Sarah Posner

Sarah Posner is a senior correspondent for Religion Dispatches and an investigative journalist whose work has appeared in The Washington Post, The Daily Beast, The Nation and many other publications.

 

Recent Articles

Rand Paul Plays God Politics

AP Photo/Jacquelyn Martin
AP Photo/Jacquelyn Martin Senator Rand Paul at a forum on immigration organized by the Latino Partnership for Conservative Principles and the National Hispanic Christian Leadership Conference A s Senator Rand Paul delivered his keynote speech on immigration reform at yesterday's gathering of the Latino Partnership for Conservative Principles, anxieties about the GOP’s identity crisis rippled through the room. The likely 2016 presidential hopeful spoke briefly in Spanish before discussing his Christian faith and opposition to abortion. He assured his audience he got them: “Man’s humanity to man is how we will be judged,” he said. The religious undertone of Paul’s remarks stood in stark contrast to the rest of the event, which focused on the economic and border-security provisions of the Gang of Eight’s immigration bill, currently being debated on the floor of the Senate. This highlights the competing interests pro-reform Republicans are scrambling to satisfy. On the one hand, pro-...

Onward Christian Voters

Religious-right Republicans will need a new Huckabee, but the party establishment probably won't like whoever it is.

(AP Photo/Keith Srakocic)
Before former Arkansas Gov. Mike Huckabee decided not to run for the Republican nomination for president in 2012, he launched a site for followers to pray for him. Most candidates check the polls and see where their fundraising is. Huckabee (he would have us believe, at least) asked God. But he's not an elitist about his connection to the Almighty. You have one, too, he says: "I humbly ask that you would join me in prayer as I seek to discern His will for my life." Better than voting, you can help this guy discern God's will! This, and his announcement on his Fox News program Saturday night that his "heart says no" to another presidential run, was a perfect example of Huckabee's unique way of putting a spiritual spin on what is undoubtedly a calculated, political, and even a financial decision. While the GOP base has long favored God-talk from its candidates, Huckabee would have been the candidate most beloved by the religious-right foot soldiers even as many in the Republican...

Submitting to the Christian Right

The press ignores the influence of religious conservatives on Republican lawmakers bent on curbing the rights of American women.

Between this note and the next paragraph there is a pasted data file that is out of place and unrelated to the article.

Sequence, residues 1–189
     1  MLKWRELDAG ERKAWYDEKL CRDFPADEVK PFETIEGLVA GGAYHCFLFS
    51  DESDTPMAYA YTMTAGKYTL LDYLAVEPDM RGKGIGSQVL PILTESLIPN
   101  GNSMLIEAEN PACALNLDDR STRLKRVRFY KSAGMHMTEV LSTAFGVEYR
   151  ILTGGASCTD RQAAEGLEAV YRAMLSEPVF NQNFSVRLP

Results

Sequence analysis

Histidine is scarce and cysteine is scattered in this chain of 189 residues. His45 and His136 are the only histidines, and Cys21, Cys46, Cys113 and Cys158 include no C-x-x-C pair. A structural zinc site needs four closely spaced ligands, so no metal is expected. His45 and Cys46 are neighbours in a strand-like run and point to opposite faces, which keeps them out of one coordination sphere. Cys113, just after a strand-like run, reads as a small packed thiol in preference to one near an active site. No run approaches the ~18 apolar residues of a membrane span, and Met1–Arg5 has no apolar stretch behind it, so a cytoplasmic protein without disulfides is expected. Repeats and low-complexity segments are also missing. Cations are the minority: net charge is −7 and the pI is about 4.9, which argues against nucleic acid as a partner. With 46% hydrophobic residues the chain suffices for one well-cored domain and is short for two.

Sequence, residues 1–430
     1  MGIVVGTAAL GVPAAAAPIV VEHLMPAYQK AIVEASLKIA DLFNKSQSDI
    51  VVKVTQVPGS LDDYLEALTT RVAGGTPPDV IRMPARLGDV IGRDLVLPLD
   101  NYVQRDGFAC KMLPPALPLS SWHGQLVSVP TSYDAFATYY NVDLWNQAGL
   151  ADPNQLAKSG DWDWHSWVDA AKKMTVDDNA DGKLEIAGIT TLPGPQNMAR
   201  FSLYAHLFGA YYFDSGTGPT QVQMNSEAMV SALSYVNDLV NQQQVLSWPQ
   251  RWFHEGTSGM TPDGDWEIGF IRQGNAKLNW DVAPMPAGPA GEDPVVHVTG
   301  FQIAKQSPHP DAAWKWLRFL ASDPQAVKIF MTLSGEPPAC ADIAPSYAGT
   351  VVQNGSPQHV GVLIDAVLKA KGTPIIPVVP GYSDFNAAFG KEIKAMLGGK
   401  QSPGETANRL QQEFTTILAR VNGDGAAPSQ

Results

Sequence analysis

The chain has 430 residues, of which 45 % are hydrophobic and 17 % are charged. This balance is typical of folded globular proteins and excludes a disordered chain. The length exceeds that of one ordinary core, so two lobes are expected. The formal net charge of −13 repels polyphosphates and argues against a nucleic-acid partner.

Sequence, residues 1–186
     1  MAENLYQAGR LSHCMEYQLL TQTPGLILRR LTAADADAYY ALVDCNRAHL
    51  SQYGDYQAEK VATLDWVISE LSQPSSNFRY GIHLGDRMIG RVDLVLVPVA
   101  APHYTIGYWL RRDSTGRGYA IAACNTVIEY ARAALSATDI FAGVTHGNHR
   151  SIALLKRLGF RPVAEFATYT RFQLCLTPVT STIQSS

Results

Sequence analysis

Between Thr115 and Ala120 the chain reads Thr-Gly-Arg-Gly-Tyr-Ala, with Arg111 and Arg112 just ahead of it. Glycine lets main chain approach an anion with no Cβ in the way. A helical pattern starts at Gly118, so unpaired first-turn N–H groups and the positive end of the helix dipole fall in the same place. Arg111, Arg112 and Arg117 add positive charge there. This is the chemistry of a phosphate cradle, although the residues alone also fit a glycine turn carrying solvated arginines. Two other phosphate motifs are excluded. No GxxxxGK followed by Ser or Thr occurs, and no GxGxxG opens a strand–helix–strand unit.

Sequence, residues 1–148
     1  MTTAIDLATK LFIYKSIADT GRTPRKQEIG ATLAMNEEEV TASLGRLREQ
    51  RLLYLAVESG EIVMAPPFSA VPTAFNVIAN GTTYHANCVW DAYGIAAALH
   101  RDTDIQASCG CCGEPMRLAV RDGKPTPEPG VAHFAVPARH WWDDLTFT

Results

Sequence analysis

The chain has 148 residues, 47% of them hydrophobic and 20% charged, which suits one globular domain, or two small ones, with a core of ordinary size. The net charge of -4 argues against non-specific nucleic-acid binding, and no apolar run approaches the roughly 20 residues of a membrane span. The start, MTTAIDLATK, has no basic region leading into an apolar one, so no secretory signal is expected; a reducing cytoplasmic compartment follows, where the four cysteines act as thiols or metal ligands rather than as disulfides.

Rep. Dan Webster of Florida (AP Photo/Phil Coale)
Last fall, when then-Congressman Alan Grayson of Florida aired a campaign ad calling his Republican opponent Daniel Webster "Taliban Dan," a collective, dismissive groan rumbled from the political commentariat. "Has Alan Grayson gone too far?" pondered Politico . But the question, despite the ad's shortcomings, should have been: Is Dan Webster, an evangelical Christian and staunch social conservative, too radical for the United States Congress? Whatever the wisdom of using the term "Taliban Dan," Grayson was onto something that should have, if properly examined, provided clues to the Republican-controlled Congress' fixation with cutting off funding to Planned Parenthood. That such a question doesn't get asked is a function of how Congress has already gone too far -- and not in Grayson's direction. The Webster campaign should have given ample evidence that the Tea Party was full of religious zealots bent on undermining the rights of women. By failing to fully interrogate so-called...

The Lord Is My Insurer

Conservative Christians have found a way around health-care reform's individual mandate.

James Lansberry, vice-president of Samaritan Ministries, in a still from an informational video. (Samaritan Ministries)
"Who is this Barack Obama who mocks the armies of the living God?" demanded James Lansberry, Christian crusader against government-regulated health care, last summer in the heat of the battle over reform. Since the health-care reform bill passed last month, Lansberry has become a hot commodity on the conservative talk-radio circuit where he sings the praises of health-care-sharing ministries (HCSMs), Christian nonprofit organizations through which members agree to cover each others? health-care costs. As president of the Alliance of Health Care Sharing Ministries, Lansberry, and his team of lobbyists, had persuaded Senate lawmakers to exempt alliance members from the individual mandate. That exemption, Lansberry said, made those ministries "an island of freedom amidst this terrible piece of reform legislation" and "the last pro-life option for Christians of faith." The exemption raises an array of concerns, including constitutional questions about the limits of such religious...

Cracks In The Catholic Armor.

It might look like Rep. Bart Stupak , the crucial holdout for more draconian restrictions on abortion in the health-care bill, was swayed, finally, by the executive order reiterating that The Patient Protection and Affordable Care Act upholds the ban on federal funding of abortion. For months Stupak, carrying the water of the U.S. Conference of Catholic Bishops, had insisted that the Senate bill failed to ensure that federal funds wouldn't somehow help pay for an abortion. He was cheered on not only by the USCCB but by the hardcore anti-abortion right, which largely didn't want health-care reform anyway. But Stupak had been under pressure to find a way out of his relentless opposition to the Senate bill. Over the past few weeks, Catholics and Catholic groups who previously had not contested the bishops' stance began to speak out. More than two weeks ago, Catholics United, a group founded after the 2004 election "to promote the U.S. Catholic Bishops' 2003 document 'Faithful Citizenship...

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